“The argument that after presenting your case on a matter in Parliament it was too late for the majority to walk out since the speaker was seized with jurisdiction to put it to vote is flawed. Parliament is not like the courts; the Speaker is equally not like a Judge. Whereas in Court, the Judge could deliver a decision if you walk out after submissions, the same cannot be said of the Speaker. The reason is simple: the power to decide matters in court lies with the Judge. But in Parliament, the power to decide matters lies with the members themselves. As such, if at the time of taking a vote, the total members present was not at least half of the membership of the House, that exercise is void; It is unconstitutional and thus of no effect.”

Dr. Poku Adusei added: “the ‘decision’ of Parliament yesterday over the Budget Statement, even though is brutum fulmen, gives a cause of action in constitutional law, and same must be vindicated to forestall its recurrence.”

Prof Ransford Gyampo 

Political science lecturer at the University of Ghana, Professor Ransford Gyampo, faulted the Minister of Finance, Ken Ofori-Atta, for failing to consult the leadership of parliament before the approval of the 2022 budget.

He said his last-minute attempt to request further consultation was an act of incompetence.

“What has happened is good for democracy. Nothing is lost. Real politique must commence now. Afterwards, some very minor revisions and tweaking of the budget in relation to comments and suggestions from inside and outside parliament should get the statement passed quickly for governance to go on.”

Franklin Cudjoe

The President of Imani Africa, Franklin Cudjoe, in reacting to the budget rejection, said the engagement process for the preparation of the government’s budget statement should be re-examined.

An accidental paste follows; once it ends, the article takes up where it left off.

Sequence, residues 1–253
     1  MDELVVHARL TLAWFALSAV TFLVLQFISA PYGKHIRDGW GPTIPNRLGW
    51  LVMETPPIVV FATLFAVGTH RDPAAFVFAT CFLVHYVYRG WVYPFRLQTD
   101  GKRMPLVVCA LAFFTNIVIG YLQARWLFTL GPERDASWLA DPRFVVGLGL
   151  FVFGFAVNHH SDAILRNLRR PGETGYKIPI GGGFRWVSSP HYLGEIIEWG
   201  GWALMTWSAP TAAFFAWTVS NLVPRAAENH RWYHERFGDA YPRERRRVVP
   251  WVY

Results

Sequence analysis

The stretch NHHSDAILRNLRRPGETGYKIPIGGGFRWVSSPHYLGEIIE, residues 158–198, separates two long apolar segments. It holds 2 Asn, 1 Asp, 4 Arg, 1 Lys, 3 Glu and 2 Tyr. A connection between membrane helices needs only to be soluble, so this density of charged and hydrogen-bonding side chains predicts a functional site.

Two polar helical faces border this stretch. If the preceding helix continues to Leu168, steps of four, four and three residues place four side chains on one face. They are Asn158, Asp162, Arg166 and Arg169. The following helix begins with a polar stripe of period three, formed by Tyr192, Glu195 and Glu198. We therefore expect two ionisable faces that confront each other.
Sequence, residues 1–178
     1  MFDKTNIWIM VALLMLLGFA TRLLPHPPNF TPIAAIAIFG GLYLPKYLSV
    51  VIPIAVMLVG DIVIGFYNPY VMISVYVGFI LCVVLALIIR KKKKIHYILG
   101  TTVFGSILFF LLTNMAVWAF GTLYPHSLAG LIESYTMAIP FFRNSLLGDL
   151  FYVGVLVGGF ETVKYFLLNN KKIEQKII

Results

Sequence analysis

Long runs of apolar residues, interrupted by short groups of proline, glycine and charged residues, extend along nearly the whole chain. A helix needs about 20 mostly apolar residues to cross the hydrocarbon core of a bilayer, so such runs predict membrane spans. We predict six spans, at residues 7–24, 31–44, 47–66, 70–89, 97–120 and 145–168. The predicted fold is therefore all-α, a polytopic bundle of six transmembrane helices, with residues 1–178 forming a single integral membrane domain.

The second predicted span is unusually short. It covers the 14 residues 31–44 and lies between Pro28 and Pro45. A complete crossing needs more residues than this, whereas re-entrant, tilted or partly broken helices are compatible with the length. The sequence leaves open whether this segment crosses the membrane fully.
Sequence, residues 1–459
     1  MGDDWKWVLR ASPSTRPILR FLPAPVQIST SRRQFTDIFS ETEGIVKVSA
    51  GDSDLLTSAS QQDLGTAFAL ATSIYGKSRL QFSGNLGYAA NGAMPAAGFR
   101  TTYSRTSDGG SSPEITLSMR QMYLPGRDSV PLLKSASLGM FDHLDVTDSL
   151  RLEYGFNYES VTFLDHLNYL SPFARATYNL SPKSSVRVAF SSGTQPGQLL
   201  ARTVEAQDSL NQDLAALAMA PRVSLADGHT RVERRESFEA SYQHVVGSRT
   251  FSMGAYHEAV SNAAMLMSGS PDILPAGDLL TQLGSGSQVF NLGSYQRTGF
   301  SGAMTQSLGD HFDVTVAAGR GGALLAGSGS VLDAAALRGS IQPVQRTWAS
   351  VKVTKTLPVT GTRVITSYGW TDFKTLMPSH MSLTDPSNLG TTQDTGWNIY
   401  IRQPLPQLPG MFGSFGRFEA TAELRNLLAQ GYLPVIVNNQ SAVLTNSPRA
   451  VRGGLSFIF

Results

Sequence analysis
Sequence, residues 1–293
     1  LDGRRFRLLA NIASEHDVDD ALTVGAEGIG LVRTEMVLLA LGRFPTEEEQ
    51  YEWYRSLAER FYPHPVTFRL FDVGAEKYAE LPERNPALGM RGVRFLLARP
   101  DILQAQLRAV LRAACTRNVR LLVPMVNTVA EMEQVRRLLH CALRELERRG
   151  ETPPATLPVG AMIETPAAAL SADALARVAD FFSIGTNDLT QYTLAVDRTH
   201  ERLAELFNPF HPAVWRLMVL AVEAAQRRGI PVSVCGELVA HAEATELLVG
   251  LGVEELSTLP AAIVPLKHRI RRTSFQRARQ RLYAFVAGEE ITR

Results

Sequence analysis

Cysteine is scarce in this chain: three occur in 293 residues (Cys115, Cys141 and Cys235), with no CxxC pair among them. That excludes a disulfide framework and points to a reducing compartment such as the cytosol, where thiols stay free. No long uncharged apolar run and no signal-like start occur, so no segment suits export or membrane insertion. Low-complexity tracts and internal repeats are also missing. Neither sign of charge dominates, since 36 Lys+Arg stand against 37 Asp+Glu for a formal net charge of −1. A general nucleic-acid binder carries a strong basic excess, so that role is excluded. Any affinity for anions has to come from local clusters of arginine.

“The rejection of the 2022 budget should lead to a re-examination of the pre-budget engagement process. For a budget that was to be read on Wednesday, 17th Nov., CSOs were e-invited almost midnight on Sunday, Nov.,14 for a meeting on Tuesday,16th Nov. for their views and expectations.

“Not much could have been achieved both ways. This was the first time though as previous engagements have at least been done 2 weeks prior to the reading.”

Sylvester Mensah

A former Chief Executive Officer (CEO) of the National Health Insurance Scheme (NHIS), Sylvester Mensah, described the attempts by Majority Members of Parliament (MPs) to label the public gallery as an extension of the floor of parliament as a “comic relief”.

“No amount of misrepresentations or propaganda by the NPP parliamentary group on why they walked out of the chamber, last night, would wash! Any attempt to make the Public Gallery an extension of the Floor of Parliament can only serve comic relief purposes!

“The reasons assigned for boycotting proceedings is as careless as it is irresponsible! We’re experiencing an abdication of moral leadership, Inadequate consultation toward annual budget presentations, and suboptimal policy judgement,” he tweeted.

John Kumah

A deputy finance minister, Dr. John Kumah, has disclosed that his outfit is ready to engage with relevant stakeholders to ensure that the 2022 budget statement and economic policy is approved by parliament.

According to him, the consultation will enable them to correct some errors they may have made ahead of the voting process on the budget.

“Let’s be objective about this matter and stick to the constitutional provisions of our constitution and respect each other within the law. Where we are wrong, we will accept it. Nothing has taken place as far as we are concerned. The budget has not been rejected, and we are going to have a quorum on Tuesday to decide on the budget. So, on Tuesday when we go back to the chamber, I believe that we will take the necessary steps to correct the errors that we may have made. We are prepared as a majority side to engage. So clearly, it will be better if we have more consultations on the budget and engage,” he said.